Business Maverick

Business Maverick

Tech is going through a midlife crisis, but that doesn’t mean you shouldn’t

Tech is going through a midlife crisis, but that doesn’t mean you shouldn’t
This photo illustration shows the logo of cryptocurrency FTX, reflected in its website on a laptop screen in Washington, DC, on November 13, 2022. - The new chief executive of troubled cryptocurrency platform FTX said on November 12, 2022, the company was making "every effort to secure all assets" following unauthorized transactions potentially worth hundreds of millions of dollars. Additionally, the platform's chief executive, 30-year-old Sam Bankman-Fried, once considered a star in the freewheeling cryptocurrency world, resigned. (Photo by Stefani Reynolds / AFP)

Is a midlife crisis a real thing, or just a thing we think is a thing? The key identifier of a midlife crisis is the slightly balding guy in a convertible sports car.

But you know, correlation is not causation. Most people can only afford sports cars when they get to middle age. The fact that (mostly) middle-aged men drive sports cars could easily be explained because they have wanted to drive them their entire lives but can only afford them in their forties.

It’s like this joke about a 45-year-old who just bought his first sports car and who tells a friend: “My girlfriend thinks I’m going through a midlife crisis. But what would she know? She’s only 20.”

I suspect many of us love the idea of a midlife crisis because it’s such a great putdown of men being ridiculous and I mean, let’s face it, the examples are nearly endless. I think being bald and having a ponytail is a dead giveaway – best to be avoided. But on the other hand, I would endorse travelling at high speed at any age, at least when you are sober. And of course, the definition of a midlife crisis is that the age at which you think you finally have everything together happens to coincide with the precise moment your body starts falling apart.

There is a discussion going on in the ether at the moment about whether the tech industry is going through a midlife crisis, or whether what is happening is more existential. Unemployment around the world has not increased by large numbers, but every major tech company has announced huge layoffs, including Amazon and Meta. Most tech companies have lost close to half their value.

Writing in the Atlantic, Derek Thompson makes the point that these mass layoffs in big tech companies are overlapping the “lurid chaos” unfolding at Twitter, and the spectacular implosion of crypto. What is more, lots of executives of these companies seem to be acting in the disjointed, semi-rational way that is typical of people going through a midlife crisis.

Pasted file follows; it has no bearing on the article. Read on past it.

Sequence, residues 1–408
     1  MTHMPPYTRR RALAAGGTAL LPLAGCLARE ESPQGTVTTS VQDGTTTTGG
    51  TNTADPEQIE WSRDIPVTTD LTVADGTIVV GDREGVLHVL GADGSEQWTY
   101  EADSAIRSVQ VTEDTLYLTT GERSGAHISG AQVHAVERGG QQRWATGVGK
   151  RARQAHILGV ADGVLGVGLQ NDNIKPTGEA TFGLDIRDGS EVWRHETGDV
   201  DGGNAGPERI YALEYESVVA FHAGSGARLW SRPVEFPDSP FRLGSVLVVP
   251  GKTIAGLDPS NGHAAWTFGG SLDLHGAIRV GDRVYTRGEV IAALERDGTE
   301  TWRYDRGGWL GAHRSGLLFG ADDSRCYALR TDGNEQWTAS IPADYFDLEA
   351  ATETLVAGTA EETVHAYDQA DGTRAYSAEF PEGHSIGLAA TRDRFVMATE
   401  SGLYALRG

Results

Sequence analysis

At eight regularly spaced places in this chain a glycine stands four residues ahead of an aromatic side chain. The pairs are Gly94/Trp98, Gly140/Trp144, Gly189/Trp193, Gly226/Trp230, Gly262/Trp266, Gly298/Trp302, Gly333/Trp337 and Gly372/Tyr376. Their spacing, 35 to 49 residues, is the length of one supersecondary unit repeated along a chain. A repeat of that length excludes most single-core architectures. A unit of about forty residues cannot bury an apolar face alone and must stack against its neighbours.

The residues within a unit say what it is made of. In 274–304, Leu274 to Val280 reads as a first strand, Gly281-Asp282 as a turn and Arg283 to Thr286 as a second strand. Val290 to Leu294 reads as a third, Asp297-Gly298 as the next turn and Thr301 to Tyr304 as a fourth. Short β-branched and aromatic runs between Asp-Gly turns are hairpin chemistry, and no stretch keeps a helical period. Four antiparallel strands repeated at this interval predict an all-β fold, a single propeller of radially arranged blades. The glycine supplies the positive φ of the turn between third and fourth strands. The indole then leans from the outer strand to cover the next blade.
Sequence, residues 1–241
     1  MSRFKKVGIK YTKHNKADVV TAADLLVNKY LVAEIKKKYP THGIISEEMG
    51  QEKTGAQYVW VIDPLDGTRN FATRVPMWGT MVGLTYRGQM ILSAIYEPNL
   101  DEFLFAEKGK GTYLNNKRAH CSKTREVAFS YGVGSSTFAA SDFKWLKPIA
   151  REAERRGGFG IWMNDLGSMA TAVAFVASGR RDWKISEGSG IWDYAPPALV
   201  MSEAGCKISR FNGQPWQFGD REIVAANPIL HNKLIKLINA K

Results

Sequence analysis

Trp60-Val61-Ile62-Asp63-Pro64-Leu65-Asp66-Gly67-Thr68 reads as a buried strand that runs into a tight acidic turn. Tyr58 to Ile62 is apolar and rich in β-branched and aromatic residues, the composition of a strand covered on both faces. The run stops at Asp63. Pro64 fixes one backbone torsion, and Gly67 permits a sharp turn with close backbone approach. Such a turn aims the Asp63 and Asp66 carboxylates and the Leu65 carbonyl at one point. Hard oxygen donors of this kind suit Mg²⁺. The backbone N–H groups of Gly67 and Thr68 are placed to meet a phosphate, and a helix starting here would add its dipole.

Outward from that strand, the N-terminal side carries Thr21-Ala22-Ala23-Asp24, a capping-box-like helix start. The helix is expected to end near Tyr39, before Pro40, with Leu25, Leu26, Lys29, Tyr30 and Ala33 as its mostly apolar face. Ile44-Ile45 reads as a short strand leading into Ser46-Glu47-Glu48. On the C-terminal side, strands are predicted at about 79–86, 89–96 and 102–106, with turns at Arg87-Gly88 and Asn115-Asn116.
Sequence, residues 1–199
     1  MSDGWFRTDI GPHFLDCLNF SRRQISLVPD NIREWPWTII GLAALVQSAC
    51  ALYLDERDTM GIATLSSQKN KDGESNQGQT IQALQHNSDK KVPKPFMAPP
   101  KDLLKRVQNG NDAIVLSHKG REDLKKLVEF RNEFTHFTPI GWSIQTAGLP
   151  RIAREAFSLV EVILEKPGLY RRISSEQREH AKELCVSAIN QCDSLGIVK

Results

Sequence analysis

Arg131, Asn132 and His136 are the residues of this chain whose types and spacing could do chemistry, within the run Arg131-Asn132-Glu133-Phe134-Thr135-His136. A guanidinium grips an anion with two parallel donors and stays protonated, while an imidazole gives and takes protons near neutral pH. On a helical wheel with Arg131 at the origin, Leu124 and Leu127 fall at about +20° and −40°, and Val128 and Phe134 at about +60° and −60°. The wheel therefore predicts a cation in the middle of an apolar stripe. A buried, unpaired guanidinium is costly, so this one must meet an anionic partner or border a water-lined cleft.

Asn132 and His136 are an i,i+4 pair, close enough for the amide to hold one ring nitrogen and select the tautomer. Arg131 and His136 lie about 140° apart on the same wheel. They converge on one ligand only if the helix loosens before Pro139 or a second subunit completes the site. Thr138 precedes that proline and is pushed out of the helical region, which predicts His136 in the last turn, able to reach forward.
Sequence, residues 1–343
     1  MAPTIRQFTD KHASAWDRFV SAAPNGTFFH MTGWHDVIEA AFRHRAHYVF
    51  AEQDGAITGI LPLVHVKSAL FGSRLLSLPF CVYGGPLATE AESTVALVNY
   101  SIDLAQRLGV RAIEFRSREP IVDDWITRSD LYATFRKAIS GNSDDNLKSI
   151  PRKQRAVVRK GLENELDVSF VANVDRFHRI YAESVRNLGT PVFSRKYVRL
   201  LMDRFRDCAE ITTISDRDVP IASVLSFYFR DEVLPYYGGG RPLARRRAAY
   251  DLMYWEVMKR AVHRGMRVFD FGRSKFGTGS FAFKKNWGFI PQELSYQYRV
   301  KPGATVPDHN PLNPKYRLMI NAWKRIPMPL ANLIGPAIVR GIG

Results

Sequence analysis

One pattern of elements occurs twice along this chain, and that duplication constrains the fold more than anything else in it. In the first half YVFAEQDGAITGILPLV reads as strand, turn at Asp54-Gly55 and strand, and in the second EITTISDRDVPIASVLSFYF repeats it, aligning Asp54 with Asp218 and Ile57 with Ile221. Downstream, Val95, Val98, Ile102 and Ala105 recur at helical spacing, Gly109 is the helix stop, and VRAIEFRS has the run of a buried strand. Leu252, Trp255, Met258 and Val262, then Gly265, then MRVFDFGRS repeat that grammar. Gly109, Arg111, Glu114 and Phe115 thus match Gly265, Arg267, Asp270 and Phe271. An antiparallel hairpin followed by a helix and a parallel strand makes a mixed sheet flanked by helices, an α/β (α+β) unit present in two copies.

The tech space seems to be dominated by executives wildly searching for a new moonshot, but this time with more money and outright craziness than before. Thompson points out: “Amazon recently employed more than 10,000 people to work on its AI product, Alexa. At Meta – the parent company of Facebook, Instagram, and WhatsApp – Reality Labs, the division working to build a metaverse, has about 15,000 employees. Apple reportedly has 3,000 people working on an augmented-reality headset, and thousands more are working on Google’s voice assistant.”

The person who seems to be going through a literal midlife crisis is Elon Musk who “has installed himself at the helm of a digital delivery mechanism for news outrage with, at best, a chaotic plan for resurrecting its business”.

And yet, Thompson concludes, this might not be all about the desperate search for lost youth. In fact, it has a lot more to do with interest rates. The period after the great recession has been defined by low interest rates, a consequence of low aggregate demands. “This created the perfect conditions for an era of endless cash that venture capitalists, seeking high rates of return, poured into low-marginal-cost software companies.”

But rising interest rates have meant the end of easy money. “As the cost of risk has gone up, venture funding has gone down, and companies have had to cut costs, raise prices, or both. Meanwhile, the narrative in markets has flipped from growth to profits, and valuations for tech companies have crashed.” Great insights.

The question now is whether this is a permanent state, or not. Economist and New York Times commentator Paul Krugman thinks low interest rates will probably return.

Krugman has been confident about low interest rates for years, so maybe a pinch of salt is needed here, but his arguments are shrewd, as always. High interest rates are partly a hangover from really huge deficit spending during the pandemic, and more broadly, changing global demographics.

But he adds one other fact: the accelerator effect. This states that investment spending generally reflects not the level of GDP, but the expected change in GDP. Almost nobody in the developed world is expecting much of that now.

For South Africans, this is all very immediate because the Reserve Bank is probably going to push up interest rates this week, despite declining inflation. But the rate of increase will be interesting, particularly because interest rates in some key countries, including the US, are now on the decline.

If you are going through a midlife crisis and you intended to trade the SUV in for a Porsche and a lump of debt, you might want to wait till Friday before signing on the dotted line. BM/DM


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